When I first received this machine from Dell, it had a 6GB page file scattered all over the middle sectors of a 1TB drive. The first part of the page file was almost at the 500GB portion of the drive, and there were other files scattered in amongst the page file fragments. I've seen HP's and other brands in very similar condition. And the page file is unmovable for most defragmenters, so if it starts life fragmented, it will evermore be fragmented, unless it is manipulated by the user in other ways.

    (Just as a general observation, a new machine may be new, but that does not mean that it is optimized for maximum performance right out of the box.)

    My Dell now has 2 1TB drives, and a 4GB fixed pagefile in the first partition of the second drive. If I had not added the second drive, just moved the pagefile to a dedicated partition 440GB closer to the beginning of the drive, made it fixed and contiguous, I wouldn't have to measure to realize that "a little bit of performance improvement" had been achieved.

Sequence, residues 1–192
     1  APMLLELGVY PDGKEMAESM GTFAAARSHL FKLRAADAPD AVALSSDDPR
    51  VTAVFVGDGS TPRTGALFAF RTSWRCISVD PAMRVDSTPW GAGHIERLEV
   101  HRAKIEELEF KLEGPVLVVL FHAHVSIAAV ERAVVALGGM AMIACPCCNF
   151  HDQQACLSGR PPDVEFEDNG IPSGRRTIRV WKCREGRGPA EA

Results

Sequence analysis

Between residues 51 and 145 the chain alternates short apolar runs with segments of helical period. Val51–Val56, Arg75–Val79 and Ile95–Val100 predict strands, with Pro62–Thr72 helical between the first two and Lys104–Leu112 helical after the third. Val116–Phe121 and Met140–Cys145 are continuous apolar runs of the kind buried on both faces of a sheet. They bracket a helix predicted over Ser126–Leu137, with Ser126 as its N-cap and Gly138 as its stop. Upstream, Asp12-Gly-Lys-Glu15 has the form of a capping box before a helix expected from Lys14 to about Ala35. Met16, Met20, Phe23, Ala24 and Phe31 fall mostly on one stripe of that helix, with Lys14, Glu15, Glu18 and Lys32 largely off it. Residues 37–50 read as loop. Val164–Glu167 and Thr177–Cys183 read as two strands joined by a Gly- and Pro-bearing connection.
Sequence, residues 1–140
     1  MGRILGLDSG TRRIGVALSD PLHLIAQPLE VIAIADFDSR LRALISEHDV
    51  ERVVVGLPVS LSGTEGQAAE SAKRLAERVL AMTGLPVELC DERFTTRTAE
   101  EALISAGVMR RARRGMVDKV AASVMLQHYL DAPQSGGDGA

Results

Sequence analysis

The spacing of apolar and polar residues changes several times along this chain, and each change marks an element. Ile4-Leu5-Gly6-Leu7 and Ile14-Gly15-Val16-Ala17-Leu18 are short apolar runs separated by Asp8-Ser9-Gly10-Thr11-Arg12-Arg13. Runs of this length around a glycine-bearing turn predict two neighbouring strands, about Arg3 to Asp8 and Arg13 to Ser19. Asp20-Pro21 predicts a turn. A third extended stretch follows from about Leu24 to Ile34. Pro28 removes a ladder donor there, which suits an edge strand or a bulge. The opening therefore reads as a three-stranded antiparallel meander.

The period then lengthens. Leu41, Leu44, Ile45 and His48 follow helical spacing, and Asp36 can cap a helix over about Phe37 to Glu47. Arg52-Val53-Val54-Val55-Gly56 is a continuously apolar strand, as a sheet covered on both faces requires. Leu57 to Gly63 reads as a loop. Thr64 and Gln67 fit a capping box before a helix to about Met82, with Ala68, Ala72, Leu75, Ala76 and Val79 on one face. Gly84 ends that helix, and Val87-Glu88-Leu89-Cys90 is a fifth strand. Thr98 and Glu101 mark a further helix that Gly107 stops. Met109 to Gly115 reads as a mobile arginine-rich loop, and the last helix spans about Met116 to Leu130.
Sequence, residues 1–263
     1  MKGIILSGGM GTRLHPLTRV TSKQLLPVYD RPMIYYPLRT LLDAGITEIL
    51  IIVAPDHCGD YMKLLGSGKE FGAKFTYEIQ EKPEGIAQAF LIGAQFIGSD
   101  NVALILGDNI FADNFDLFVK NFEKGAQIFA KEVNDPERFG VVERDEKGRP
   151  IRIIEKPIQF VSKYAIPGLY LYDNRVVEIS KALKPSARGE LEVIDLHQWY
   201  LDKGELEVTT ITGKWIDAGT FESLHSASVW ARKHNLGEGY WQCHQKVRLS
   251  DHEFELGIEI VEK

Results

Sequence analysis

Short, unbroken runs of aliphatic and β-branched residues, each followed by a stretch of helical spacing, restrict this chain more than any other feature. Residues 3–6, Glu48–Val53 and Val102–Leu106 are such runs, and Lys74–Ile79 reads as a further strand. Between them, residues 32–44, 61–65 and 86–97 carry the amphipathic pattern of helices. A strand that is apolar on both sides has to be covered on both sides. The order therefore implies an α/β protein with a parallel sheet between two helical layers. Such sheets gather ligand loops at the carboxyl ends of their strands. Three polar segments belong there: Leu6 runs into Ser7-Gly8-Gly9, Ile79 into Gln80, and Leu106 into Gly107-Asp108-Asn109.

So I use the Forrest Gump approach.

    Quote Originally Posted by bbearren View Post
    If the swap file is first setup for optimum efficiency, it will not need any further attention for the life of the machine unless one gets a virtual memory error, the chances of which are on the "none" side of "somewhere between slim and none". It's a set-it-and-forget-it thing.
    Create a fresh drive image before making system changes, in case you need to start over!

    "The problem is not the problem. The problem is your attitude about the problem. Savvy?"—Captain Jack Sparrow "When you're troubleshooting, start with the simple and proceed to the complex."—M.O. Johns "Experience is what you get when you're looking for something else."—Sir Thomas Robert Deware.